LSB reviews hurdles faced by non-lawyers who want to own ABSs
Corporate chain: how far up should a licensing authority go?
Plans to simplify the approval process for non-lawyer owners of alternative business structures are being considered by the Legal Services Board (LSB), it has emerged.
The approval process under schedule 13 of the Legal Services Act 2007 has proven difficult in some cases – especially where private equity investment is involved – with the Solicitors Regulation Authority (SRA) unsure about how far up the corporate chain it must go in carrying out ‘fit and proper person’ checks.
Even though existing LSB guidance tells ABS licensing authorities that it expects them to implement the ownership tests in a proportionate way, so as to ensure they do not unduly restrict the different types of ABS ownership, newly released LSB papers acknowledged that the requirements in the Act are still “detailed and extensive”.
For example, eight criteria determine whether a “qualifying interest” is held – relating to shareholdings and voting power – either individually or together with associates. Fit and proper person testing may call for the assessment of the parent undertakings and their owners, plus a person’s associates, which is extensively defined to include, among others, some immediate family members, employees, associated undertakings and their subsidiaries.
The Lord Chancellor has the power to amend certain parts of the Act by order – such as what qualifies as an interest in an ABS, so that a non-lawyer holding it must be approved by the licensing authority, and who constitutes an associate of that individual for the purposes of assessing whether a “collective interest” exists.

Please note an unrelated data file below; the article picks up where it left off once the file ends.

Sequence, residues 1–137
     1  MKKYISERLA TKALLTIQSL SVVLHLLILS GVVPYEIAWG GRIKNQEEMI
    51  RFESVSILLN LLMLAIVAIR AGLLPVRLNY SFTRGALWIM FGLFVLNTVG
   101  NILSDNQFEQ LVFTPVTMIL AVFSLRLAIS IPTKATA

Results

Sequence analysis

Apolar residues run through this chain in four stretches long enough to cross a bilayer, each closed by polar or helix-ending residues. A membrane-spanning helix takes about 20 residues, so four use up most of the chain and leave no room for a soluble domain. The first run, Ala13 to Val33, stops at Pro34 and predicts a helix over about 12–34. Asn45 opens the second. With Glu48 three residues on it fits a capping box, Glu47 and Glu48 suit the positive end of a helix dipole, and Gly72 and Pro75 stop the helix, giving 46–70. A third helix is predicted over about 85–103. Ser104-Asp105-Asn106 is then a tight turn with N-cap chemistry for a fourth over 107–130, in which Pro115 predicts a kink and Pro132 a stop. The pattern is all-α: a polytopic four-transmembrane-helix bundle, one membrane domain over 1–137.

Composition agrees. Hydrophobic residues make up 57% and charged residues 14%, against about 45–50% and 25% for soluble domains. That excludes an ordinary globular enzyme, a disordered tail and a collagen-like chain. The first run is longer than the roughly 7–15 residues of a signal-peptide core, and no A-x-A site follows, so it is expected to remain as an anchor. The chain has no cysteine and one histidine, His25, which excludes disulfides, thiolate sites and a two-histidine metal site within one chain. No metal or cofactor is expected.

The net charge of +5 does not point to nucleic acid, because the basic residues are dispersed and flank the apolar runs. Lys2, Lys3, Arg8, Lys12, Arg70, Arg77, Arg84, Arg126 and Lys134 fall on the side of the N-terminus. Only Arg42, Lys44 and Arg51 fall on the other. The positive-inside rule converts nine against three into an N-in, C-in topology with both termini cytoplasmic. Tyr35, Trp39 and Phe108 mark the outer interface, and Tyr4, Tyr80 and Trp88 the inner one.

We reported last September about the “nightmare” experience of north-east personal injury firm Winns in applying for an ABS licence. It was bought by two private equity funds, one of which is made up of investments from lots of other funds. This led to the SRA identifying hundreds of people whom it needed to look into as potential owners of the law firm.
Founder Jeff Winn said the list was narrowed down “a bit”, but in one case a woman had to travel home to Mexico for the equivalent of a Criminal Records Bureau check, and had required an armoured vehicle and bodyguards to do so because she was afraid of being kidnapped.
The LSB has begun a review “to establish the arrangements needed by licensing authorities to reasonably address risks presented in licensing ABSs without unduly restricting commercial activity”. This will lead to a consultation focusing in particular on those areas of schedule 13 that can be changed by the Lord Chancellor.
The LSB will also discuss with the licensing authorities issues which arise from their individual approaches, such as the application of discretion in applying the ownership tests.
The LSB will also look at the lessons to be learned from the financial services sector to help determine what safeguards needed to be kept in relation to “rare, but potentially high impact, cases of ownership risk”.
Tags: ABS, Alternative business structures, Legal Services Act, Legal Services Board
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